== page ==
By Deirdre Fagan
Having taught American, women’s, and minority literature for twenty years, the rights of women and minorities, or lack thereof, have been topics in my courses for two decades, which I remind myself is not even half the time it took for women to gain the right to vote in America from the Seneca Falls Convention in 1848 to the 19th Amendment in 1920. It's less than a tenth of the time it took slaves to gain their freedom in America. We had our first black president in the time I've been teaching and we've also seen the backlash that President Barack Obama received as a black president, some of the evidence of which is on display at Ferris’ own Jim Crow Museum. We have seen same-sex marriage legalized in all 50 states; we have also seen minorities of various races, religions, cultures, ethnicities, and sexualities both gain and lose equality in various spheres of life. Having experienced the surprise of students when they learned through discussion and watching the film, Iron Jawed Angels, that women's right to vote wasn't gained quickly or without protest, resistance, and violence, and by experiencing similar surprise by students in my honors Black Literature course at the depth and ongoing extent of racism evidenced by the racist objects at the Jim Crow museum, when I learned there would be a Women’s March in Washington, D.C., on January 21, 2017, I knew I had to be there.
I am an educator on these topics. I am a mother of a daughter and son whom I have raised to expect and respect equality. I am a woman who finds the displays in the Museum of Sexist Objects reflect the memories of my childhood and the attitudes still present in the culture of my adulthood. I need to be a part of the fight against injustice and the fight for equality, if not for myself, then for my students, for my children, and for all of us and our children. I needed to march.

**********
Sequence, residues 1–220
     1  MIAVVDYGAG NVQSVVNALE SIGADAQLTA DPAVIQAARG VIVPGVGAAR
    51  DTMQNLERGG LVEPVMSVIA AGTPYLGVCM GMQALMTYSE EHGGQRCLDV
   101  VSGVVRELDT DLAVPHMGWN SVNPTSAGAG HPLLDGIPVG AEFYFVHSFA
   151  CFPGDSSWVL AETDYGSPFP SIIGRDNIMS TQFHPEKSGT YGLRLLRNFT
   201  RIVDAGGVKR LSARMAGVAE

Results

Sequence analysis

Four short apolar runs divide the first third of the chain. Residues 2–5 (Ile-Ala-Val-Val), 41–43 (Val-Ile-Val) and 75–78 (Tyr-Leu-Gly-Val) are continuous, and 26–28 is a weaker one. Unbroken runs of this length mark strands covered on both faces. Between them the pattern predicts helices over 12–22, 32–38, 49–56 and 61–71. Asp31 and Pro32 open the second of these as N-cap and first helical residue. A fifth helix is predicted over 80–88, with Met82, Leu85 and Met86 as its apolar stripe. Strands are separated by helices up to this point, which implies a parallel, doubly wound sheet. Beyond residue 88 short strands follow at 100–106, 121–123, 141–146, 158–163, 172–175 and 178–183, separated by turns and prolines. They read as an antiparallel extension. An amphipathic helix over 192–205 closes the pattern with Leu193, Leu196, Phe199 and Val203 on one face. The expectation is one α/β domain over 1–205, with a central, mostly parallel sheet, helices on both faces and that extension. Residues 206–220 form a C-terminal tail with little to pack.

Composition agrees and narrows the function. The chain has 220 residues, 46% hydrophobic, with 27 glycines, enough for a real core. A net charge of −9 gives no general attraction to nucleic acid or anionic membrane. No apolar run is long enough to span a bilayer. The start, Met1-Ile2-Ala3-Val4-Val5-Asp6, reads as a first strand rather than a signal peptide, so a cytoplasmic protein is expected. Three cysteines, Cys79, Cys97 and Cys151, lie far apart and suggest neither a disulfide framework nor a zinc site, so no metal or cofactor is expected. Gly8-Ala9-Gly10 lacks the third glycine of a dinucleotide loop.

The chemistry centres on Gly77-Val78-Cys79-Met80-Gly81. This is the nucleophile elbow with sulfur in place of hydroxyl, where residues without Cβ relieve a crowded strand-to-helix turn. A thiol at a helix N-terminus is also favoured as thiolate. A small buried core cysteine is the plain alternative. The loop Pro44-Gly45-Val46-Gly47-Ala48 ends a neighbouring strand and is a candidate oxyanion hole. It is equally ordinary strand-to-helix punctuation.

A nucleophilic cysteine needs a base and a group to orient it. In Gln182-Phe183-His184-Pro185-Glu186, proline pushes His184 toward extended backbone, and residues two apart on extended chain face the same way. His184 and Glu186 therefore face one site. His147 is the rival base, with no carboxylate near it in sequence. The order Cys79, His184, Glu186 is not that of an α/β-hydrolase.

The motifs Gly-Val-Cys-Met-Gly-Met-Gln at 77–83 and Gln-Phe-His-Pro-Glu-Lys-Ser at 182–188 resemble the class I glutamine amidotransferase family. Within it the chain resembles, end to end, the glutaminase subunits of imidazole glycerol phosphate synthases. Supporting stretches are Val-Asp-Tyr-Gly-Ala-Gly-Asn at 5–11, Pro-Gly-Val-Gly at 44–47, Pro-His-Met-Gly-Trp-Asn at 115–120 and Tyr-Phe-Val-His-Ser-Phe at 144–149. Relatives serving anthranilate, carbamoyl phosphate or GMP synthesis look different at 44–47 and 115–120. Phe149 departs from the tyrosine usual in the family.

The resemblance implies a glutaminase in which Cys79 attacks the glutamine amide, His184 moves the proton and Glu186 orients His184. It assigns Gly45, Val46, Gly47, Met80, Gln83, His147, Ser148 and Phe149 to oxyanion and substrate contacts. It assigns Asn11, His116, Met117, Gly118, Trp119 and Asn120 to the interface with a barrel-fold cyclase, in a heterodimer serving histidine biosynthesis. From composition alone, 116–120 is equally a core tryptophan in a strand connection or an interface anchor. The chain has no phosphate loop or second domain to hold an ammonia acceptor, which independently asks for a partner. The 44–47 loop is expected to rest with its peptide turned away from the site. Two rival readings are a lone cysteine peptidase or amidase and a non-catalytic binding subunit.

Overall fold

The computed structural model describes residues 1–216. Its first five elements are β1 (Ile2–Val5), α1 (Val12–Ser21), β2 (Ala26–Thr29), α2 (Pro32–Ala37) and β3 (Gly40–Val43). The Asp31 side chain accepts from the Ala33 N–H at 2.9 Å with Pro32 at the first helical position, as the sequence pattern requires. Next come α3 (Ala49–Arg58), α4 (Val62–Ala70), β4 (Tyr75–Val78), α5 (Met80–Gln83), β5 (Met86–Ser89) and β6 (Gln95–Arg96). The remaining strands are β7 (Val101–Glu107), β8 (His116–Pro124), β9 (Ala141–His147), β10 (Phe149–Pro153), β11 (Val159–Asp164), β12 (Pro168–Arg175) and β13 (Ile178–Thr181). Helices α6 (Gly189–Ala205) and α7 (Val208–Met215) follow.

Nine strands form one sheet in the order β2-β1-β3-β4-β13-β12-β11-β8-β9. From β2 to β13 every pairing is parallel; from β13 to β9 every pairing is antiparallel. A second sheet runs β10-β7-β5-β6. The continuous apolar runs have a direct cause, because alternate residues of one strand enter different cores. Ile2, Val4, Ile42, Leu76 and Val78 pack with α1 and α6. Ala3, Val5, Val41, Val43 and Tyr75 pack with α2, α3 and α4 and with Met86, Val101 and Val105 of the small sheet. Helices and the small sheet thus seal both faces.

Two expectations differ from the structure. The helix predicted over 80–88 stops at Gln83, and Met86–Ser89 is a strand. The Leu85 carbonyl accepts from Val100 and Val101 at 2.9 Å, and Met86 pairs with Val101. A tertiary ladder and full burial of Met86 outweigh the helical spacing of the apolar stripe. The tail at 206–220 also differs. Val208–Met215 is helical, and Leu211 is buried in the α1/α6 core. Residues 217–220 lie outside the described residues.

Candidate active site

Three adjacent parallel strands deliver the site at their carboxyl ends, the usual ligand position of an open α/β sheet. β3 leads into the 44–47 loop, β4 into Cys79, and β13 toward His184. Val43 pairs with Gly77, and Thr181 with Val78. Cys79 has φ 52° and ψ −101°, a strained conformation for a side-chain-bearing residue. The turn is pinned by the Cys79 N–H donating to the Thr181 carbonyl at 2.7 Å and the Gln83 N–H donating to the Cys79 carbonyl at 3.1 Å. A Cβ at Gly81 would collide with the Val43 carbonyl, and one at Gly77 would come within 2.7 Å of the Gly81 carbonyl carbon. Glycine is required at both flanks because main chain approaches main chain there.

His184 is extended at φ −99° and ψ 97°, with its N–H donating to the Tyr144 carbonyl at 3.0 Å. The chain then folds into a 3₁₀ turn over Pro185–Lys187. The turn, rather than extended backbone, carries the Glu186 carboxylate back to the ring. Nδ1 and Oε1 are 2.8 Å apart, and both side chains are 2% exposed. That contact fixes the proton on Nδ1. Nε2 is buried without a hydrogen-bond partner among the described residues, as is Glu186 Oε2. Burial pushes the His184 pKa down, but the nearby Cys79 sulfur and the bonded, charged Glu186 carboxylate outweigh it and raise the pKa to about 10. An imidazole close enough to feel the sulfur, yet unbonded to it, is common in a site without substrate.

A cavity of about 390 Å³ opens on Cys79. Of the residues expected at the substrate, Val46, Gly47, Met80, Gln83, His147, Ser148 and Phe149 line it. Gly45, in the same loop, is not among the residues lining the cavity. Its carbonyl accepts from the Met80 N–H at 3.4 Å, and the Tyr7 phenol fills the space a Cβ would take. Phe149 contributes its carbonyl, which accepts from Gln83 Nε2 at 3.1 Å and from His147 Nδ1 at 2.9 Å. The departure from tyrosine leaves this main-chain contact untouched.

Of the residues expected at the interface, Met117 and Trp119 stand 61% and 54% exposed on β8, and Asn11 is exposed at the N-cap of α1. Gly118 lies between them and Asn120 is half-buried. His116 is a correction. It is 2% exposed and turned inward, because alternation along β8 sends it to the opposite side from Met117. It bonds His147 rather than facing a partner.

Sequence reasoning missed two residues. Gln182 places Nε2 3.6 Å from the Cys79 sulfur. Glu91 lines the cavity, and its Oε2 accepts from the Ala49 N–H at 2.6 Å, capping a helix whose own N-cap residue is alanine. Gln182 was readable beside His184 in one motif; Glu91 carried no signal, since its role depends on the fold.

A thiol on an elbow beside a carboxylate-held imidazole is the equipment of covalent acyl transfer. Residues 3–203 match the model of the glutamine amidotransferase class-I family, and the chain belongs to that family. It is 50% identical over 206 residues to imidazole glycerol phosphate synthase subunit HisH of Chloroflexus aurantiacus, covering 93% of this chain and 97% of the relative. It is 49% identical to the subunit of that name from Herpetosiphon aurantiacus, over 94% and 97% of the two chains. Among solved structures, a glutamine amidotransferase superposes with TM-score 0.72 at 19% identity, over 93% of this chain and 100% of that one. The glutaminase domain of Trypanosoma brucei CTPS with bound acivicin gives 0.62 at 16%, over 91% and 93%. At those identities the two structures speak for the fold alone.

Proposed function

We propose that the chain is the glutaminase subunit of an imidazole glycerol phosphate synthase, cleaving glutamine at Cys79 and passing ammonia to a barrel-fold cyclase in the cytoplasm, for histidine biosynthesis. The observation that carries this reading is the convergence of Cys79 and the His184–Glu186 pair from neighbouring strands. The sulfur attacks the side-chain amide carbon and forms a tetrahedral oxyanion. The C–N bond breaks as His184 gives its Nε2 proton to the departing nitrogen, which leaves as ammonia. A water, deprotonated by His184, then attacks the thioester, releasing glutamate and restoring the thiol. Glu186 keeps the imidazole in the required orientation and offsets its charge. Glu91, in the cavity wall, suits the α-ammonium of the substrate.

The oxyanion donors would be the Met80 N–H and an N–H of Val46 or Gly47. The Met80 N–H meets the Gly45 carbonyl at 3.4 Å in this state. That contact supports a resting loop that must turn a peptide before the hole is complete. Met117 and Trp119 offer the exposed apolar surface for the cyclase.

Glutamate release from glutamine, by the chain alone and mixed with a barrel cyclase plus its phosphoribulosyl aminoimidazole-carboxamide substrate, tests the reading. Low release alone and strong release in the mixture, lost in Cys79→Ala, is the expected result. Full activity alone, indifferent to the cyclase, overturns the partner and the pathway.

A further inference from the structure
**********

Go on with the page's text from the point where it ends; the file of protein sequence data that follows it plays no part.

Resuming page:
I don't like crowds. I regularly avoid them. I hadn't been to D.C. in 15 years. I did not know my way around. I did, however, have a good friend who moved to nearby Maryland the previous summer, an unexpected cheap fare, an unanticipated open weekend early in the university term, and an opportunity to be a part of American history I could forever share not only with my students, but also with others. My values and this sequence of opportunities made it possible for me to experience first hand the energy and power of the Women's March.
Thanks to social media, the crowds grew exponentially worldwide and the March gained media publicity with increased momentum. With each daily check on the March from November when I booked my tickets to the event the third week in January, I learned the expected numbers had increased and other Marches had cropped up on every continent around the world. People were taking to the streets en masse.
The day before the March, I drove south to the Grand Rapids airport with bubbling excitement and some measure of trepidation. While my brother had attended various protests in San Francisco and my father in New York in the 2000s, I had only been physically involved in a protest on one other occasion.
Protests are associated with violence, and violence against minorities and women had been reported seemingly daily since our 2016 Presidential Election. I was traveling on the day of the Presidential Inauguration and the March was as much for women and minorities as it was against that inauguration. The numbers were still out on how many were attending the inauguration, but 250,000 were expected at the March. My growing anxiety about the crowds and the possibility of violence wasn’t going to keep me home, but it meant I was going to be on guard. I was meeting a pro at the airport, however, a friend and colleague from Florida who was part of the first wave of feminism and had been to many such marches; she assured me I would be surprised by how friendly and kind everyone would be. I wasn’t worried about the marchers, though. I was worried about the many who didn’t support the March.
Having passed through airport security in Grand Rapids, I slowly rolled my suitcase to the gate and immediately noticed the preponderance of females in the waiting area. I also spotted my first, soon to be famous, pink hats which had been knitted frantically throughout the country, wiping out stores of pink yarn in various venues. (Some would still be knitting on the plane and generously donating their products to those without.)